When Windows Vista,
Those are pretty high stakes for a few notes. So how to come up with the right sound? "I knew from day one that it would be a tricky process," says project maestro Steve Ball, group program manager for Vista. In the end, it took 18 months--and a team of 20 composers, sound designers, engineers, and developers.
Ball began by asking 10 artists, designers, and musicians--among them Kid Crimson's Robert Fripp, drummer Pat Mastelotto, composer Tucker Martine, and Oscar-winning sound designer Randy Thom--to come up with three to six sounds that were uplifting and unique, energizing and authentic. They submitted 500 entries, some orchestrally ornate, others weird and sound effect-y.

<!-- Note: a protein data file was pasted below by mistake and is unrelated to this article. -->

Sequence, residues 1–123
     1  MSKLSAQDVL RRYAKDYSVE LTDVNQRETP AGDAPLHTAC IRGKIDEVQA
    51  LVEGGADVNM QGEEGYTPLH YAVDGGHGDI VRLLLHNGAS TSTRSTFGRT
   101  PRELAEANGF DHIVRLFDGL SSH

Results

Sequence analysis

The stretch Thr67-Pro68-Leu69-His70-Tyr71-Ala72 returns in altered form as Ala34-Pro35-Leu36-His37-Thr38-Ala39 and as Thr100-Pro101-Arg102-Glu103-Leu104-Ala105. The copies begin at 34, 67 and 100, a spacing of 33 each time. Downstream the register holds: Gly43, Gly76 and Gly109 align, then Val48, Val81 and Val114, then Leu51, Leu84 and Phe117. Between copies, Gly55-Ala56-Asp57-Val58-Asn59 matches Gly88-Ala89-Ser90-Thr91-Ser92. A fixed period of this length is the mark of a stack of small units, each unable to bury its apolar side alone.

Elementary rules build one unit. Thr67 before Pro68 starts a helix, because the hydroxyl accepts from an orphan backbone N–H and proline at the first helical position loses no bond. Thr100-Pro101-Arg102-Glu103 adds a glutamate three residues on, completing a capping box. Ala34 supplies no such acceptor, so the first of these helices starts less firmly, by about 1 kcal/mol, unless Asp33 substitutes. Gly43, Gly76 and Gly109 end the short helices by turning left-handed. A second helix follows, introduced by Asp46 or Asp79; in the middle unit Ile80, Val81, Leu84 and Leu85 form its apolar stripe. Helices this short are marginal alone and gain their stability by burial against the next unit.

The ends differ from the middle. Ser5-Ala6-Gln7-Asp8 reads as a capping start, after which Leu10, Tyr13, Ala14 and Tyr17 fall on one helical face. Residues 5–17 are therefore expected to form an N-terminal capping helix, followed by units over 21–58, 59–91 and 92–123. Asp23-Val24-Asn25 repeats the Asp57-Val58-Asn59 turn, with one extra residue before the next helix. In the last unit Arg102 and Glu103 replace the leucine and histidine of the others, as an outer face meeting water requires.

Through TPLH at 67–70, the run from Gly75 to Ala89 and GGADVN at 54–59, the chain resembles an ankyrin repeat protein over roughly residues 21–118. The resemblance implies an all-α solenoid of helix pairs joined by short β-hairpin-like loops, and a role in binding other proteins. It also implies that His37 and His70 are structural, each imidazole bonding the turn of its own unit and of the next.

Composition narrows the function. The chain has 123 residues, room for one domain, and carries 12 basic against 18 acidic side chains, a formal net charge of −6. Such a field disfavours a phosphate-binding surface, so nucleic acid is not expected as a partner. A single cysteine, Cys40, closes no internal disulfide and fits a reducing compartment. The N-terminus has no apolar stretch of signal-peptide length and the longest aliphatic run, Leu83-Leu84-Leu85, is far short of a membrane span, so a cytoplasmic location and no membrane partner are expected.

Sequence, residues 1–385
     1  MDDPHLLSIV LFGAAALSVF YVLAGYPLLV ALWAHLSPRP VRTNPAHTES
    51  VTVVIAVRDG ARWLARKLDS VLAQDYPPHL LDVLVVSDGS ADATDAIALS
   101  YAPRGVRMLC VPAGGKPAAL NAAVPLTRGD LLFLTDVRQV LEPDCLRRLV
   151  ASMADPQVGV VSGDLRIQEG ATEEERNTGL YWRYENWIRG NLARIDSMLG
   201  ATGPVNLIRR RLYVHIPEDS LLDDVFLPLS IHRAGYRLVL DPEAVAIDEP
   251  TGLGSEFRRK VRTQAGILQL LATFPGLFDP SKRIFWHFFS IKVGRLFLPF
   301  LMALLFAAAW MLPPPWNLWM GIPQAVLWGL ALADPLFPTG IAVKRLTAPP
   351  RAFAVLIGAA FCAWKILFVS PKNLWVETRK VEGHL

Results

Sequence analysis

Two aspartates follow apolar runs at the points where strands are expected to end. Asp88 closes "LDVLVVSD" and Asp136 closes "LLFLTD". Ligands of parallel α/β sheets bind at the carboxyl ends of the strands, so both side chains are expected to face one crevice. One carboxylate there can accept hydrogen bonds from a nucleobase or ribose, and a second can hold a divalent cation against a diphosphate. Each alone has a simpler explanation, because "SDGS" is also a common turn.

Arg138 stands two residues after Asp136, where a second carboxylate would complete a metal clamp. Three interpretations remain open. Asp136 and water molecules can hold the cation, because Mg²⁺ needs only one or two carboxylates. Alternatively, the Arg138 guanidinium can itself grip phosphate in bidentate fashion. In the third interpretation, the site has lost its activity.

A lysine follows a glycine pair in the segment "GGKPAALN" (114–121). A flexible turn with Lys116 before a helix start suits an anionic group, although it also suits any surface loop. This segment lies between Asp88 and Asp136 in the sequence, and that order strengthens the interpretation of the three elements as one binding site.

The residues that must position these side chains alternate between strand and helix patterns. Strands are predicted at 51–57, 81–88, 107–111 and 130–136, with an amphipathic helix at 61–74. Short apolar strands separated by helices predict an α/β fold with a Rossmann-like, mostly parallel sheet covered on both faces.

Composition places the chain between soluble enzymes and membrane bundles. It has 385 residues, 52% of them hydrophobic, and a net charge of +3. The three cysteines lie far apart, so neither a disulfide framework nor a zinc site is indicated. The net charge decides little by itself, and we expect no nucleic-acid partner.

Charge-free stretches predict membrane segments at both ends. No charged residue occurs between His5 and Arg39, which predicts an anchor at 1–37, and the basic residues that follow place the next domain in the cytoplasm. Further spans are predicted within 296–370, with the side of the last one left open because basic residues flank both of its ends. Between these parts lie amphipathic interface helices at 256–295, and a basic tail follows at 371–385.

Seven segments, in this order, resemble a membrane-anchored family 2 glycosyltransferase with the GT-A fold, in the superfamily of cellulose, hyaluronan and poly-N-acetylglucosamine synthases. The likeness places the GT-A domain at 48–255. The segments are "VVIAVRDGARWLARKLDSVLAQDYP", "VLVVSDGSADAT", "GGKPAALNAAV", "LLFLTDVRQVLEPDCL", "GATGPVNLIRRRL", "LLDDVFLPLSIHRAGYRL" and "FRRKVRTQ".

The key insight that helped the team focus came when Martine, listening to one riff, mimicked it, clap-clap, clap-clap. It was a rhythmic breakthrough, echoing the message, "Win-dows, Vis-ta." They determined that a peaceful theme was what the hypercaffeinated, overstimulated PC users of the world needed now. "It needed to be a soft light from the corner, rather than a spotlight," Ball says.
After focus-group testing in Los Angeles, the team picked three finalists. Jim Allchin, copresident of the Windows Group, made the final call: a Tucker Martine rhythm, with dual glassy, ascending melodies in four chords (echoing the four colors of the Windows Vista "window") atop a short, harpy Robert Fripp soundscape, with orchestration by Ball.
That wasn't so hard.
Correction: This article should have identified Robert Fripp's band as King Crimson.
According to studies by branding guru Martin Lindstrom and market research firm Millward Brown, sound has a 41% chance of influencing how people perceive brands.